Jeffrey Kendall grows Liberty Tire Recycling through best practices

Involve employees

The crucial element that must be part of lean manufacturing and best practice exercises is the employees. Rather than dictate changes you would like to see made, you need to approach the process by asking those who do the job day in and day out for their ideas.

“Folks who participate in it and see how the operations run better, they’re coming up with the ideas,” Kendall says. “We’re not handing them a list and telling them to go do it this way. People want to improve. People want to do better. When they haven’t been called upon in the past, they really enjoy participating. We’re getting tremendous excitement and participation from everyone involved in the organization. Just that alone is almost a good reason to do it.”

The company has taken on projects from how to better operate machinery to the process of how to grade tires not ready to be thrown away. Once a project is identified by looking through the plant’s data, everything is connected to cost, time and effort to produce a product, and employees involved in that line of work are called in to brainstorm ways to find efficiency.

“Typically, you’re trying to understand why it’s done a certain way. What’s the reason?” Kendall says.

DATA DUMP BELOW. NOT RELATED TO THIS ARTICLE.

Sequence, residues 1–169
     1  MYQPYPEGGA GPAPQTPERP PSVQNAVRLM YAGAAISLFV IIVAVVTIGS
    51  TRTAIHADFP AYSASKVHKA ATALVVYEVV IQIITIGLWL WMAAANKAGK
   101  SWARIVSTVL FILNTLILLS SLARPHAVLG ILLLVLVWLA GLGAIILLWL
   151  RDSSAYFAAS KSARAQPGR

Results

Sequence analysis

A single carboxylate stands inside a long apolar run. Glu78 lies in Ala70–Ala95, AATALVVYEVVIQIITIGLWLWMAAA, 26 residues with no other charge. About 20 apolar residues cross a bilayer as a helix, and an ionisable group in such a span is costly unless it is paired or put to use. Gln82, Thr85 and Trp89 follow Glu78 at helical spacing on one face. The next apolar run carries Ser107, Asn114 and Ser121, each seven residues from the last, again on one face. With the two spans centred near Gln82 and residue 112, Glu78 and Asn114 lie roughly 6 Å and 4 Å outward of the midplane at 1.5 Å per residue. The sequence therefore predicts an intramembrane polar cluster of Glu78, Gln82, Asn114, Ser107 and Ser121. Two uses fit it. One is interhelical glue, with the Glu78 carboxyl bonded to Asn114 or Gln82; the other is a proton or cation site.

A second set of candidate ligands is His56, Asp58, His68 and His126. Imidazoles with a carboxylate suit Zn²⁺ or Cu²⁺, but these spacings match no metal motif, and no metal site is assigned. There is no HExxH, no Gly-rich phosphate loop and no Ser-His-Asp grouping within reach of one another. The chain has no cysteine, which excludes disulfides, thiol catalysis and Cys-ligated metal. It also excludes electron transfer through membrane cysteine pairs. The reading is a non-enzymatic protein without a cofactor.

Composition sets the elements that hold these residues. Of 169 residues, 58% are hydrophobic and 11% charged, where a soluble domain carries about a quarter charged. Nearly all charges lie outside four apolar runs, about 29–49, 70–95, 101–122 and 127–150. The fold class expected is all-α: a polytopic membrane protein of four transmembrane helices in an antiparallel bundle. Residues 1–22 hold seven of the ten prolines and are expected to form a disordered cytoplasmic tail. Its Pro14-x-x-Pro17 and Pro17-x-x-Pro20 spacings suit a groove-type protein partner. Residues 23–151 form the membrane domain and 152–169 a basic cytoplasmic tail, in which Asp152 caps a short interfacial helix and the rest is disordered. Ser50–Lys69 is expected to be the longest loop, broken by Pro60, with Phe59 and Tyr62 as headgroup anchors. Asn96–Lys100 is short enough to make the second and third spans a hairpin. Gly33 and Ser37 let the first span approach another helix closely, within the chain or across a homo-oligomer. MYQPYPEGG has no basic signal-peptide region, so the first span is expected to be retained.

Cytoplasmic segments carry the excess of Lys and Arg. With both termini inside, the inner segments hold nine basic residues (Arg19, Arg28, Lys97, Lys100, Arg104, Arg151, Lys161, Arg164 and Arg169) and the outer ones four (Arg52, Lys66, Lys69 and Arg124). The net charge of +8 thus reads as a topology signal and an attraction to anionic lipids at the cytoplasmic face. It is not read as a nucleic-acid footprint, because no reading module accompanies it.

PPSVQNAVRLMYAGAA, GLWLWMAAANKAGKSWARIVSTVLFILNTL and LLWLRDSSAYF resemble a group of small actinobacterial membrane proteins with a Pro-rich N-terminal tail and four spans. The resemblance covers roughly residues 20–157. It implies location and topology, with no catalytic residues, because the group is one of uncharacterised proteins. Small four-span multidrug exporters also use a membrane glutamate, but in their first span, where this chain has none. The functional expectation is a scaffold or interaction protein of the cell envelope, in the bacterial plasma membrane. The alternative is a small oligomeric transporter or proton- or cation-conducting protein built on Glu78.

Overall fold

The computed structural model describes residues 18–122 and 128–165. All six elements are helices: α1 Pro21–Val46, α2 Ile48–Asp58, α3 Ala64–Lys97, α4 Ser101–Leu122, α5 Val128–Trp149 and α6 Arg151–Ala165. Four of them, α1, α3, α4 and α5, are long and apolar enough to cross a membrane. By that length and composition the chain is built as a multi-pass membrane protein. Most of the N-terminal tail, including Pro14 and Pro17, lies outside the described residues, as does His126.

But Liberty Tire Recycling took the discussion one step further when it came to involving employees.

“When we conduct these exercises, we’re bringing in a lot of folks from different plants, so that they participate in providing ideas for the plant in which the event is occurring, as well as taking ideas back to their own plants,” Kendall says. “We expect at the end of the year a lot of the best ideas will be absorbed by osmosis, to a certain extent, based on people’s real-life experience at these different facilities.”

To get the best participation, you need to set the tone from the top as to why it’s important that the organization engages in these activities and that it will only be successful with the employee’s participation and offering of ideas. Also, employees need to know they won’t be criticized for speaking up.

“We wanted their ideas, and they weren’t going to be criticized for coming forward with ideas,” he says. “You have to stick by that though. It doesn’t mean you’re going to take all of the ideas. But you want to hear them. It’s like a typical brainstorming session where you’re going to reject certain things.”